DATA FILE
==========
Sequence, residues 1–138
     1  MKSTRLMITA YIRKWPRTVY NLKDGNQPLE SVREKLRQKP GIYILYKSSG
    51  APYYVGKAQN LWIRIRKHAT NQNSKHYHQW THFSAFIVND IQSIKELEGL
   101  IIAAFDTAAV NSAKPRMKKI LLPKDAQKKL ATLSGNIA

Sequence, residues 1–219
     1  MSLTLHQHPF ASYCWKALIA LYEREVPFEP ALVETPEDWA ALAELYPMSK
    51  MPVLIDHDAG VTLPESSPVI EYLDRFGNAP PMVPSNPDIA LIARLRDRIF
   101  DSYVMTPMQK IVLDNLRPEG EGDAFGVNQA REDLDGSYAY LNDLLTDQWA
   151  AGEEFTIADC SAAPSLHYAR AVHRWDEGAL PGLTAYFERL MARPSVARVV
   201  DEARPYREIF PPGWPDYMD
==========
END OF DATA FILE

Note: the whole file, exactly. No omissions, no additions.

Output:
Sequence, residues 1–138
     1  MKSTRLMITA YIRKWPRTVY NLKDGNQPLE SVREKLRQKP GIYILYKSSG
    51  APYYVGKAQN LWIRIRKHAT NQNSKHYHQW THFSAFIVND IQSIKELEGL
   101  IIAAFDTAAV NSAKPRMKKI LLPKDAQKKL ATLSGNIA

Sequence, residues 1–219
     1  MSLTLHQHPF ASYCWKALIA LYEREVPFEP ALVETPEDWA ALAELYPMSK
    51  MPVLIDHDAG VTLPESSPVI EYLDRFGNAP PMVPSNPDIA LIARLRDRIF
   101  DSYVMTPMQK IVLDNLRPEG EGDAFGVNQA REDLDGSYAY LNDLLTDQWA
   151  AGEEFTIADC SAAPSLHYAR AVHRWDEGAL PGLTAYFERL MARPSVARVV
   201  DEARPYREIF PPGWPDYMD